What Do Babies See Before Birth?


Scientists are learning more than ever about what babies see before birth. Tetra Images - Jamie Grill/Getty Images
Scientists are learning more than ever about what babies see before birth. Tetra Images - Jamie Grill/Getty Images

It might seem like fetuses aren't up to much other than growing in the cozy, warm environment that is the mother's womb. However, new research published in the journal Current Biology shows that third-trimester babies have vision capabilities much more advanced than previously thought. And they can choose what they want to look at.

Researchers from Lancaster University in the United Kingdom were keen on expanding the understanding of fetal sight capabilities. "We have been able to explore the use of all the fetal senses except vision up until now," explains lead researcher and professor of psychology Vincent Reid in an email interview. "There is a lot that we know about newborn babies and their vision, but almost nothing with fetuses just before they are born. The newborn is very good at processing faces and prefers to look at faces over any other shape so it was logical to explore the development of this preference before birth."

This pictures shows a 12-week-old human fetus.
This pictures shows a 12-week-old human fetus.
Steve Allen/Getty Images

A total of 39 fetus were examined (there would have been more, but some of the babies were in deep sleep because they missed the memo about participating in a research study, while others experienced poor image quality). They ranged in gestational age from 231 to 252 days, and were all single births.

Obviously, since the fetal participants were still cooking in their moms' wombs, so the researchers resorted to noninvasive attempts to assess their visual capabilities. To do so, the scientists shone a light through the maternal tissue. "The light consisted of three dots," Reid explains. "When these are arranged to represent two for the eyes and one for the mouth, newborn babies prefer to look at them more than anything else. So we didn't show fetuses a 'face' but an image that was 'face-like.'"

The researchers used 4D ultrasound to measure if and how much the fetuses turned their heads in response to the stimuli. They also showed the same three-dot pattern, but inverted (so it didn't resemble a face in structure) to the fetuses. As it turns out, non-face-like dots were none too appealing. "Turning it upside down means that newborns do not find it interesting," Reid notes.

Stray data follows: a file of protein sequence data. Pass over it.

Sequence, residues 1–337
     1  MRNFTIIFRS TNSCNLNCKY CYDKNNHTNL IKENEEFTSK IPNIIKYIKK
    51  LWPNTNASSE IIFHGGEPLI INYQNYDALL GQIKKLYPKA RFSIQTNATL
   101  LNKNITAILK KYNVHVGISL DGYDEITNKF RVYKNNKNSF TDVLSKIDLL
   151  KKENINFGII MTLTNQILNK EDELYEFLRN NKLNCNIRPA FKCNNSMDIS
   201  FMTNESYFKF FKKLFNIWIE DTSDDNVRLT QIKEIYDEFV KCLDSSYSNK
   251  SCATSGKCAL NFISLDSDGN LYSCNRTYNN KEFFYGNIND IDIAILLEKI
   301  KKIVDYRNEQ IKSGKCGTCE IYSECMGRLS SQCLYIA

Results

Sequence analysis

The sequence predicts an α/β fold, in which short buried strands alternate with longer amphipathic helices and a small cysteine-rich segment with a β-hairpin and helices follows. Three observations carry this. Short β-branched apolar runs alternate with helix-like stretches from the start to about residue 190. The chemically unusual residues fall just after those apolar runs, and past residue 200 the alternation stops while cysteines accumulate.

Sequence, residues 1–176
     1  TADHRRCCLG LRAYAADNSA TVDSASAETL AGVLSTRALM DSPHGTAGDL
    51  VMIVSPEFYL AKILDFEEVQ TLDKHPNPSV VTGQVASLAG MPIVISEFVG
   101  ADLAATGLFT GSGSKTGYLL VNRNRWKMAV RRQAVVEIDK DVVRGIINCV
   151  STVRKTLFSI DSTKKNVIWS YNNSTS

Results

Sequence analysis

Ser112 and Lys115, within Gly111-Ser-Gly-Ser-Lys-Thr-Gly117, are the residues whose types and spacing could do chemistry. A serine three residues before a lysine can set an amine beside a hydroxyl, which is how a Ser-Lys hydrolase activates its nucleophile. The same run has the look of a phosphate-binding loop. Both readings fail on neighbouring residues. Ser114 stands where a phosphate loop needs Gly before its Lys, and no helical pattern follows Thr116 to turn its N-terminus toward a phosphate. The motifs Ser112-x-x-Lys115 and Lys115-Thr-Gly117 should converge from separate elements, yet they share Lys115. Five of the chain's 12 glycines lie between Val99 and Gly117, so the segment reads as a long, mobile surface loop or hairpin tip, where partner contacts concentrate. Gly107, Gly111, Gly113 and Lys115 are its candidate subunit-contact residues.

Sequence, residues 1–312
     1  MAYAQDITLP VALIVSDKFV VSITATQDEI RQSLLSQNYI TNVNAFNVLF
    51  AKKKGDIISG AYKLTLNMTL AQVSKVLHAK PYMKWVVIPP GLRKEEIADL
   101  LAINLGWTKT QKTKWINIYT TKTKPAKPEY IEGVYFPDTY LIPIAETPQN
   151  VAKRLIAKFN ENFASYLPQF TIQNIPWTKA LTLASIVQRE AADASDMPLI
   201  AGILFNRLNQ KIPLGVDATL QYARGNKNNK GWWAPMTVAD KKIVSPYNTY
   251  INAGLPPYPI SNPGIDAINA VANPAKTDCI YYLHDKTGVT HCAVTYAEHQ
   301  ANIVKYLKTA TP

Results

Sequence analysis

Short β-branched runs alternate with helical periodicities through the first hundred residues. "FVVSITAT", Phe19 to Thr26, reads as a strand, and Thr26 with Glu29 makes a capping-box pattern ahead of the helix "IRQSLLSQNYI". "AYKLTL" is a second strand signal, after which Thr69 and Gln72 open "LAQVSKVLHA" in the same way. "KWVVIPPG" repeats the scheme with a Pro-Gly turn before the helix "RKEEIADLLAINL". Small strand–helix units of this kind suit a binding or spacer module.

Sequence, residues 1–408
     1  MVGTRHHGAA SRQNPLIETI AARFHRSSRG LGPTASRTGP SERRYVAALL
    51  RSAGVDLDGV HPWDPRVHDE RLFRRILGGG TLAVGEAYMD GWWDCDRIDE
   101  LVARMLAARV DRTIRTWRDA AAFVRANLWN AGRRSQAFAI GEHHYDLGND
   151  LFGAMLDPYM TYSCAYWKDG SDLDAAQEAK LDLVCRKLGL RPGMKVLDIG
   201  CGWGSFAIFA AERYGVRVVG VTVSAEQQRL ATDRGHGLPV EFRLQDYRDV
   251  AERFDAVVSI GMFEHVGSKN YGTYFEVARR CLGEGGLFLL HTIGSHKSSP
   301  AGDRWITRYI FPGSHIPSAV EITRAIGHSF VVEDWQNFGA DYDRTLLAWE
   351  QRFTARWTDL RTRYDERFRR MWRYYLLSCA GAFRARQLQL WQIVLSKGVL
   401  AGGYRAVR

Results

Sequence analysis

Although subtle, attraction to the face-like configuration of three dots makes a big difference in what we understand about developing sight. "It means that we have this preference even before we are born," Reid says. "[It] is either due to being innate or due to experiences prior to birth."

Another major finding of this research is that it moves up the human visual timeline. "We now know that the fetus actively engages with visual information in the [prenatal] environment," Reid says. "The head movement was a deliberate movement to track the stimuli that we presented. This means that we can now look at many other aspects of fetal vision."

Indeed, the study has laid the groundwork for future delving into fetal vision, because as it stands right now, little is known about how much fetuses can see. "Nobody has looked at this before," Reid says. "A week-old infant has very poor focal vision. It is all blurred. The same will be true for a fetus a few weeks before birth. We know that premature infants can see shapes, lights, and details. But thatis once they are born, and it could be that the prenatal environment is different. We need to find out."

Reid's group plans to investigate whether fetuses can discriminate between quantities or numbers, which he notes is something that even newborns can do. "If the fetus can do this too, this tells us a lot about fetal cognitive capacities," he says. "We're also keen to look at how the fetus sees motion. Babies prefer to look at animate or biological motion. If the fetus has this preference, this would suggest that experiences that they have had engaging with their own body may have given rise to these preferences."